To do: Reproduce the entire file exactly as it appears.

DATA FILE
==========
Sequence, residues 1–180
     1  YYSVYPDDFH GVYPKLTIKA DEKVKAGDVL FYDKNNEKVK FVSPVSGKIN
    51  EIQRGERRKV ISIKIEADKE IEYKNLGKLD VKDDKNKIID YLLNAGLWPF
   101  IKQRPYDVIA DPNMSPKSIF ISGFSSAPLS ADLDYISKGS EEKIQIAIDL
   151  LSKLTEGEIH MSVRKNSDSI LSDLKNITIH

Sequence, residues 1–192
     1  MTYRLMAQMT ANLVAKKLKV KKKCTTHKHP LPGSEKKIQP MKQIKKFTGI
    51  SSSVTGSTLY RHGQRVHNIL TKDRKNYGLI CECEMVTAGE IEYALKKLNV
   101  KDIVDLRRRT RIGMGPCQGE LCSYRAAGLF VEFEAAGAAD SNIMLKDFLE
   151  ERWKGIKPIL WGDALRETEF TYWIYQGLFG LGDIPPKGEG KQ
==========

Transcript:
Sequence, residues 1–180
     1  YYSVYPDDFH GVYPKLTIKA DEKVKAGDVL FYDKNNEKVK FVSPVSGKIN
    51  EIQRGERRKV ISIKIEADKE IEYKNLGKLD VKDDKNKIID YLLNAGLWPF
   101  IKQRPYDVIA DPNMSPKSIF ISGFSSAPLS ADLDYISKGS EEKIQIAIDL
   151  LSKLTEGEIH MSVRKNSDSI LSDLKNITIH

Sequence, residues 1–192
     1  MTYRLMAQMT ANLVAKKLKV KKKCTTHKHP LPGSEKKIQP MKQIKKFTGI
    51  SSSVTGSTLY RHGQRVHNIL TKDRKNYGLI CECEMVTAGE IEYALKKLNV
   101  KDIVDLRRRT RIGMGPCQGE LCSYRAAGLF VEFEAAGAAD SNIMLKDFLE
   151  ERWKGIKPIL WGDALRETEF TYWIYQGLFG LGDIPPKGEG KQ